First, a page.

Damaging rains come to an end
Rain finally gives way to sun
January 12, 2005
By DAVE DOWNEY - Staff Writer - The Californian
A fifth straight day of relentless rain triggered the
declaration of a Riverside County emergency Tuesday and tore a 50-yard gash in Pala Road south of Temecula, stranding 400 families.
But skies finally began to clear and forecasters said vintage Southern California sunny weather is poised to return.
"For now, we can put away the raincoats and umbrellas and enjoy the sun," said Steven Vanderburg, a National Weather Service forecaster in San Diego. "So for the next week, no worries. Time to clean up and dry out."
Yet, the storm did not split town before dumping more than 6 inches of rain on Temecula since it began Jan. 7, sending the seasonal total to more than 21 inches.
And there was plenty to worry about early Tuesday.
Shortly after midnight, yet another downpour hammered Southwest County, turning Pechanga Creek into a raging river several feet deep and half a football field wide. Pechanga Fire Chief Ed McOrmond said the rain-swollen creek ate away at the base of Pala Road, which already had been closed to vehicle traffic several hours, and collapsing a 50-yard section of the two-lane artery at about 2 a.m.
The collapse stranded about 400 families, some of whom live in the unincorporated county and some who live on the Pechanga Indian Reservation, McOrmond said. Throughout the day, the swift-flowing muddy water continued to eat away at the sides of the banks, exposing utility cables and the roots of a giant oak tree.
"It's the first time I've ever seen anything like this," said Elizabeth Toomey, 82, who had left her home on the south bank the night before and returned to survey the situation.
"I can't even get to my house right there," Toomey said, pointing across the creek to her one-story home of 50 years that is flanked by tall eucalyptus trees and stately queen palms. "I want to start crying. This is horrible. The water is getting closer and closer to my house, too."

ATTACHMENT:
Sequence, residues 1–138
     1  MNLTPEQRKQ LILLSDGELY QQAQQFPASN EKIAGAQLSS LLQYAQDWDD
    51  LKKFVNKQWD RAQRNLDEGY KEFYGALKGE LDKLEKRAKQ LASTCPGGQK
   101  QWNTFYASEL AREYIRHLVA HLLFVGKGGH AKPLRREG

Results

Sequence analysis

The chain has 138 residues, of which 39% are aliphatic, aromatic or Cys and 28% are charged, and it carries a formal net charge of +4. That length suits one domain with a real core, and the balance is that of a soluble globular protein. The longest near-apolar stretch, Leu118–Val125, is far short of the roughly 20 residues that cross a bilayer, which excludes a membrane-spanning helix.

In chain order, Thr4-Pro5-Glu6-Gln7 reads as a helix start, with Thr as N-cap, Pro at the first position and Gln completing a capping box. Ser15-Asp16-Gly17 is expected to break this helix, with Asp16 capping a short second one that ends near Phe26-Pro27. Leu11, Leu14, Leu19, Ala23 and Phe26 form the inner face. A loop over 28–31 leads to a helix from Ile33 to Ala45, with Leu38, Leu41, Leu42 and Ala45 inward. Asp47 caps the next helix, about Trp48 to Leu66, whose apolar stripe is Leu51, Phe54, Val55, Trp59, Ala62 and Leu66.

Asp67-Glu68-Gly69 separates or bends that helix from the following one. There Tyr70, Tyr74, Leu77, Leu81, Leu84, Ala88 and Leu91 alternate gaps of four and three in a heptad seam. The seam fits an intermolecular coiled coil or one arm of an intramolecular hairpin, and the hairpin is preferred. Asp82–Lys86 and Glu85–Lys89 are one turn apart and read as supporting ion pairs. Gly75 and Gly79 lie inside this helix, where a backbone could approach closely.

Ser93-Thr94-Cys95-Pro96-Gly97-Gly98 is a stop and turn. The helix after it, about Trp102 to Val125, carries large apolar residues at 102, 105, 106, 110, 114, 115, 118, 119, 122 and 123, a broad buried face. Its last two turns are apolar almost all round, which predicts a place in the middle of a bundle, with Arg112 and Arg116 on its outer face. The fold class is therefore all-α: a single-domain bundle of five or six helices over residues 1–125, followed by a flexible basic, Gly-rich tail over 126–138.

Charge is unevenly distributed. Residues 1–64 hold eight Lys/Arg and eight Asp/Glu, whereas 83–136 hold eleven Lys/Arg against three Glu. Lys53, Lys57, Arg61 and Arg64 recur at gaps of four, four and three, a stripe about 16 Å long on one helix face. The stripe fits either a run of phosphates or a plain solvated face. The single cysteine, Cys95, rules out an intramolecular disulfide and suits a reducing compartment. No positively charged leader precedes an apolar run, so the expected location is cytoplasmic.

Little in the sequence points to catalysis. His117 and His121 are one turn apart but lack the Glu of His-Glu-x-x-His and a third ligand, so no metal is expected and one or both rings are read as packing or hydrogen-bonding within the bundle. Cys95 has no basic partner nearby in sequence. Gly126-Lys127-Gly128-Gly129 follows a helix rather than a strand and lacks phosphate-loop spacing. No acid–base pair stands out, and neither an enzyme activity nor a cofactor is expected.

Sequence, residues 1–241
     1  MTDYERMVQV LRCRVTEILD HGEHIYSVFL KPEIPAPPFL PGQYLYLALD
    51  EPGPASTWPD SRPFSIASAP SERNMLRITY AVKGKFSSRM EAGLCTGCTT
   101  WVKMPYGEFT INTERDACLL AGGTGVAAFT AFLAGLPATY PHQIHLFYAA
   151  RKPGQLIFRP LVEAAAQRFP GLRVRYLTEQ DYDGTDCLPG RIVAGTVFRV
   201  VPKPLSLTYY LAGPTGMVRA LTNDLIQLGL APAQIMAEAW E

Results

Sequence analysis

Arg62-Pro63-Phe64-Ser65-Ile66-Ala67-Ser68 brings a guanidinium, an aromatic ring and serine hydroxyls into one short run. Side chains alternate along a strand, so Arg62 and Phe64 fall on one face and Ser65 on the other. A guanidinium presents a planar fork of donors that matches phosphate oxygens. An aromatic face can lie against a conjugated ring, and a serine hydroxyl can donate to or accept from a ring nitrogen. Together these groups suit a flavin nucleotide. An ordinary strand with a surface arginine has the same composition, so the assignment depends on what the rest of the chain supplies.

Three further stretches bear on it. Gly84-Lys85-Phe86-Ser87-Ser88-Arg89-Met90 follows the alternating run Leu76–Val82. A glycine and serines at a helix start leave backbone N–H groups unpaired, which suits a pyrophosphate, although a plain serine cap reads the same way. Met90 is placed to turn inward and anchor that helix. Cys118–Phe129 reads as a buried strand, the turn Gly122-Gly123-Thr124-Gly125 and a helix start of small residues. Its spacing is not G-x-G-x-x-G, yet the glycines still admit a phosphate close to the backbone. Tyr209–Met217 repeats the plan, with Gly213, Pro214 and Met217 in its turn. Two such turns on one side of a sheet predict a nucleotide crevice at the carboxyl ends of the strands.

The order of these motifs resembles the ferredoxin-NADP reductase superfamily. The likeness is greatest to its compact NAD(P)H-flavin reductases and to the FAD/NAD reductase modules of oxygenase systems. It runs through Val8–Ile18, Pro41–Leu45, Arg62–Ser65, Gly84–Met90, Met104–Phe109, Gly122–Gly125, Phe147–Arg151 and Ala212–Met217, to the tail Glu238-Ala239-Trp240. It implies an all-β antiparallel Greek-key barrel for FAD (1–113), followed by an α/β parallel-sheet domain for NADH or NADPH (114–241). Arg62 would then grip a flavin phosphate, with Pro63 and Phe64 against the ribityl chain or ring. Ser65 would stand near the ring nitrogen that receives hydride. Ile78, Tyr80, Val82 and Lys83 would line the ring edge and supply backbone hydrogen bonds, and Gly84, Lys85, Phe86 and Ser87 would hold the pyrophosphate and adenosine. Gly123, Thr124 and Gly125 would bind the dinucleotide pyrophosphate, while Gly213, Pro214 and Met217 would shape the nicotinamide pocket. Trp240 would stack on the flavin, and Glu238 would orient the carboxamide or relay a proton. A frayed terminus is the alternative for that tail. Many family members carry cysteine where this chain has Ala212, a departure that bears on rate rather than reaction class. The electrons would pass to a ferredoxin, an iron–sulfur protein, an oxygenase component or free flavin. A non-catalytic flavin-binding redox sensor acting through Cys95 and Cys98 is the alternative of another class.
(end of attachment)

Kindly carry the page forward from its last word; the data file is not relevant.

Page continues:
On the other side of the creek, residents could not get out to go to work or school because Pala Road also was blocked several miles to the south by boulders, debris, mud and water.
Among those stuck were Teri and Scott Pagel and their four children. Teri Pagel said her family had plenty of water, food and clothing, and so did most of her neighbors. McOrmond said he was not aware of anyone with a special need and had not made any emergency deliveries. But he said his fire department was ready on a moment's notice to fly supplies in by helicopter or evacuate someone if the need arose.
Pagel said at one point his 12-year-old son, Joshua, grew concerned about his pet black-throated monitor lizard "Agro" and wanted to go across the creek to buy crickets. But his mother, who chuckled while recounting the conversation, told him the lizard would have to wait for its choice fare.
On a more serious note, Pagel said she and neighbors were concerned about the out-of-the-way drive they would have to make to grocery stores, schools and jobs in Southwest County.
Paul Russell, highway operations superintendent for Riverside County, said it will be at least a week, and possibly longer, before the county can repair and reopen Pala Road south of Pechanga Casino and Great Oak High School.